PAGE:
C/O Yoohyun Park
The key role of community-based education in sexual health
By: Ahlam Yassien, Contributor
Education and promotion of sexual health are just as important as the education and promotion of nutritional and physical health. However, conversations about sex education often occupy little space in homes or classrooms as this topic is still seen as taboo.
Despite this, many believe it is the responsibility of schools to teach kids about sexual health. In 1979, an overwhelming percentage of sex educators argued parents were not providing their children with the right sex education, with just under half believing this education was properly supplemented in schools. While the data obtained in this survey is reflective of the opinions on an outdated curriculum, it is also indicative of a larger pattern — the constant battle between parents and schools about the responsibility for sex education.
Flash forward nearly 40 years and parents have protested and threatened to pull their children from classes due to the introduction of a newer, more focused curriculum. While studies indicate that family-centred education programs reduce poor health outcomes and shame, conversations on sexual health are still too often ignored, usually treated as something you should already know and never ask about. Additionally, when considering the implications of different cultural and religious values, these conversations can be uncomfortable and daunting for both parents and children.
Like many other second-generation immigrants, I did not have these conversations at home. However, in 2015, when Ontario announced it would be updating its sexual education curriculum for the first time since 1998 to include conversations about explicit content online and gender identity, my mom was among many who insisted these conversations could be taught at home.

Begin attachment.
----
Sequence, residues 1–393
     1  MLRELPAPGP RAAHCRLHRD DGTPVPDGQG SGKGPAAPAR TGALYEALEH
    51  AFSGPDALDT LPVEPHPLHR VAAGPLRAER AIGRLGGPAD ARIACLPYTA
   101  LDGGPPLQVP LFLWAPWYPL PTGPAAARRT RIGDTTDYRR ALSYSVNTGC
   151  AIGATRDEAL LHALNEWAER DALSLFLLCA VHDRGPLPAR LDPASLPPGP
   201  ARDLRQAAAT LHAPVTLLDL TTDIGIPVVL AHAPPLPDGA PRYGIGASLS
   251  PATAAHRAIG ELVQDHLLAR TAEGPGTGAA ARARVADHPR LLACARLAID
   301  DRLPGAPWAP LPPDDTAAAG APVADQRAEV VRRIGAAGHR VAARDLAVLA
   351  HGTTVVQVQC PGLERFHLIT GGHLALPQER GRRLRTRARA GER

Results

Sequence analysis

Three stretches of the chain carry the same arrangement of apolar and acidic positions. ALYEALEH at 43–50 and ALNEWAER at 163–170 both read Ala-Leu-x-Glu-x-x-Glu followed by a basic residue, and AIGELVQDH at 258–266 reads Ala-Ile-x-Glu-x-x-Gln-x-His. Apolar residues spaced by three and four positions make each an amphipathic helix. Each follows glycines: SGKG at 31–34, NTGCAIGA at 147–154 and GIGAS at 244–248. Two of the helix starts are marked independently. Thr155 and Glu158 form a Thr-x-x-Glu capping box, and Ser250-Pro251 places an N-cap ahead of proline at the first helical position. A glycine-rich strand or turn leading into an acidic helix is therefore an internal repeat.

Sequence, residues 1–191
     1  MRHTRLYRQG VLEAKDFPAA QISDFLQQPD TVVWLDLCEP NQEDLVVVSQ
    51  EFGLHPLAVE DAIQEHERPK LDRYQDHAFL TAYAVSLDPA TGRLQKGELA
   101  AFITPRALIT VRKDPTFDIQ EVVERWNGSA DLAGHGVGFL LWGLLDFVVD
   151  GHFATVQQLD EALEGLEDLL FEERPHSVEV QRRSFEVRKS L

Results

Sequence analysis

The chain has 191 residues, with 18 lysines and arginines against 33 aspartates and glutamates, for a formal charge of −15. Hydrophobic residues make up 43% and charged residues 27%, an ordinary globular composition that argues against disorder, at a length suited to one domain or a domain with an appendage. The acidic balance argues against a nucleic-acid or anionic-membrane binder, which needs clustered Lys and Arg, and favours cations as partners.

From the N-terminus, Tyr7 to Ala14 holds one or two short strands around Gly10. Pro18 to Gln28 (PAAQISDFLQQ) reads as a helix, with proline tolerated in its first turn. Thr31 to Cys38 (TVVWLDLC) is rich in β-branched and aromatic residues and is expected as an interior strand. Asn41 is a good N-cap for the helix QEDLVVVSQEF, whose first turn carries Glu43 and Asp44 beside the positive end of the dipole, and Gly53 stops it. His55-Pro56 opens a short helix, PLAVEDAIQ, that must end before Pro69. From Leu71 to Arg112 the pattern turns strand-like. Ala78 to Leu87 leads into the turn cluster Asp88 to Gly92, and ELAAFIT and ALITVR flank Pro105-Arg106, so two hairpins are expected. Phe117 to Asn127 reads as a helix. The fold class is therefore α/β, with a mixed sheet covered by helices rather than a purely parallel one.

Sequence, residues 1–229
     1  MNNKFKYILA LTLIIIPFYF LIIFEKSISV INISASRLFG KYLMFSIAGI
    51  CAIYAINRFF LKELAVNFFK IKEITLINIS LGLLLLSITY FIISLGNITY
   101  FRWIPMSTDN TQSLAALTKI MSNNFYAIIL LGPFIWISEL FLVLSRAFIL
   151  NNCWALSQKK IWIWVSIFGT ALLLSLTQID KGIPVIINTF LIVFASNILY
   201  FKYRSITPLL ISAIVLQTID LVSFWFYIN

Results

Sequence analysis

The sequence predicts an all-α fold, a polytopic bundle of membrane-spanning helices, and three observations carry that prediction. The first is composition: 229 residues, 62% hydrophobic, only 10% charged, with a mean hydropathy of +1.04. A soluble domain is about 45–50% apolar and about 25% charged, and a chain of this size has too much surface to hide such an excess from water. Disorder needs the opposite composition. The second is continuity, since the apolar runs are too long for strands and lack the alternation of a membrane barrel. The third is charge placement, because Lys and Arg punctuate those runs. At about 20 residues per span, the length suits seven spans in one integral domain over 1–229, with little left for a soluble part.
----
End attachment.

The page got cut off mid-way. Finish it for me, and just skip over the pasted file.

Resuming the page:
Despite this, I still went to class and learnt about consent and internet safety. I engaged in discourse with my classmates and teachers and then came home, assuring my mom that we were not watching explicit content in class.
They have also served to reinforce the importance of having these conversations at home, at school and between classmates. I had not realized it then, but I had been actively engaging in discourse with various people from different communities and these discussions helped frame the ways I approach conversations with people holding opposing beliefs.
I had been deeply embarrassed by my mother’s disproval and immediately sided with those who called parents too conservative. However, I, along with those who took on this view, had been actively ignoring the role social and cultural determinants played in the introduction of sexual education in many households. The importance of diversifying education and considering these perspectives has become immensely clear to me. By considering these perspectives, we can reframe the conversation and the ways we view the various actors in these conversations, particularly those we might consider “too conservative.” In many cases, the term “too conservative” itself ironically appears too conservative and narrow to encompass the perspectives and thoughts of the individuals in question.
In thinking about the continuous disagreements between educators and parents, I noticed the importance and responsibility of healthy eating and exercise are not something commonly debated between parents and teachers. I knew the dangers of smoking and doing drugs before I learnt about the importance of consent. I learned about the value of consistent oral hygiene before I had learned about vaginal hygiene.
But if I were asked to pinpoint where I had learned all these things I would not be able to give a definitive answer, mainly because these principles had been swiftly introduced and reinforced by various actors in my life. From family members to teachers, I had been taught about these things by the communities around me. As a result, I can make decisions regarding my health with these lessons in mind. Similarly, I think the goal for sex education should be to implement a curriculum not only taught at school or at home but also consistently enforced and endorsed by the community at large.